• Specification changes to starting materials, raw materials, intermediates, and the unfinished and final drug substance.
  • Synthetic manufacturing process changes.
  • Changes in the source of the drug substance.
  • Changes to the container closure system for the drug substance.

Determining the Reporting Category

The first step in the process is for the application or DMF/VMF holder to determine the reporting category based on the potential risk for the change to have an adverse effect on the identity, strength, quality, purity, or potency of the drug product. This is to be determined based on the Code of Federal Regulations (21 CFR 314.70, 314.81, and/or 514.8), the Guidance, and other guidances listed in Section XII Reporting Category, in that order.

The three categories include:

  • major changes: require submission of a prior approval supplement (PAS)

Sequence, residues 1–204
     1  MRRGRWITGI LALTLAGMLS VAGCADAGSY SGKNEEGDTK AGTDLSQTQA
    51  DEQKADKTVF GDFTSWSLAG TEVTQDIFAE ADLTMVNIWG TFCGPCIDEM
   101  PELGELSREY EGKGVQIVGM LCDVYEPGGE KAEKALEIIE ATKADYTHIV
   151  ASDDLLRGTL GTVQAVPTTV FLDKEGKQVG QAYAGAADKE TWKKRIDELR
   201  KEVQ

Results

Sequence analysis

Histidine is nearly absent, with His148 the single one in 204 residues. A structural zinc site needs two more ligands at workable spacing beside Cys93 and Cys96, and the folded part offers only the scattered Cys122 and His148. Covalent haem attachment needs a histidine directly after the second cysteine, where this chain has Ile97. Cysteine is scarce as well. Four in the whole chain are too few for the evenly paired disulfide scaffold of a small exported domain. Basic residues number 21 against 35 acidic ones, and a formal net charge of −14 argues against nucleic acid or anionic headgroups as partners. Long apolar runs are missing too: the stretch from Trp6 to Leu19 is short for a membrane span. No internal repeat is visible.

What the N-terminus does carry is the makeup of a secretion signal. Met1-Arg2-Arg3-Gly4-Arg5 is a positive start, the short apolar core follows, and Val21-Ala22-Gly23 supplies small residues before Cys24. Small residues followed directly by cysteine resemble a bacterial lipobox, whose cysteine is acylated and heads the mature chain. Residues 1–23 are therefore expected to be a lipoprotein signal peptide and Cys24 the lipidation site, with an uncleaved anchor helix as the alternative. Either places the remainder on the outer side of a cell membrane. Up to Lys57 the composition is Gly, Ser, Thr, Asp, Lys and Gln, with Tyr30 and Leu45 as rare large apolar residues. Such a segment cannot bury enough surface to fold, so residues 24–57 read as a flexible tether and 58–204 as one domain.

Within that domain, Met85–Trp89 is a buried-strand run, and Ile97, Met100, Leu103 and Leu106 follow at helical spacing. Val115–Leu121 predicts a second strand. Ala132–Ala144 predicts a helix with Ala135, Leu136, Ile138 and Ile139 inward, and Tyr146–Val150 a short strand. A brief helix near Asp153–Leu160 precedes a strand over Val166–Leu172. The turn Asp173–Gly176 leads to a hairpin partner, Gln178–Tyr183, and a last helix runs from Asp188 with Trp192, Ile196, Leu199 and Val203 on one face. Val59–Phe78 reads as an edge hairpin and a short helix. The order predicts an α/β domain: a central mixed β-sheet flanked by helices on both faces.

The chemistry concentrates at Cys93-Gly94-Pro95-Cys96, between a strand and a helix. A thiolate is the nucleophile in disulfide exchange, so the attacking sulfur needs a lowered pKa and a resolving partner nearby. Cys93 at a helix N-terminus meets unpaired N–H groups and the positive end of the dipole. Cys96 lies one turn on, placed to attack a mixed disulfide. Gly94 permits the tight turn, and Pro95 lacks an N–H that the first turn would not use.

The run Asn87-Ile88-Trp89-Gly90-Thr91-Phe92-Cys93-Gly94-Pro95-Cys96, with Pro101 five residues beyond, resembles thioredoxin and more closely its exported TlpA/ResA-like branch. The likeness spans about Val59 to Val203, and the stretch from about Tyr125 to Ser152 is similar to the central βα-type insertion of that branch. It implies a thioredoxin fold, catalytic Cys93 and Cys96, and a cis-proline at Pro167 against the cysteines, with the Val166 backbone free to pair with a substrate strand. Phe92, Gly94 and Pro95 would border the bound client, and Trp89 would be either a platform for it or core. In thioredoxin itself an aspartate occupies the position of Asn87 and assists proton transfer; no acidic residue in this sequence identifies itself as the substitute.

• moderate changes: require submission of a change being effected (CBE) in 0 or 30 days supplement)
  • changes to be described in an annual report.

Process for Submitting Changes

Changes to a DMF must be submitted as an amendment to the DMF. The DMF holder must notify all persons authorized to reference the DMF (holders of the approved applications). The application holder must then determine the reporting category and notify the FDA as appropriate if the changes are outside of the variations approved in the application.

If the drug substance information is contained in an application, moderate or major changes must be submitted as a supplement to the approved application (Section 3.2.S). In some cases, the changes must be reported as both an amendment to one or more DMFs and as a supplement to an application, by the respective parties, if the information in each will need to be changed.

Assessment of Risk

The Guidance provides ample advice on determining the risk that a change may result in an adverse effect on quality, either in the physical properties of the drug substance or in the level or nature of impurities present, and, in some cases, to the bioequivalence or safety profile of the drug. Clear examples of factors to consider when conducting a risk assessment on a change to the drug substance are provided.

Assessment of Change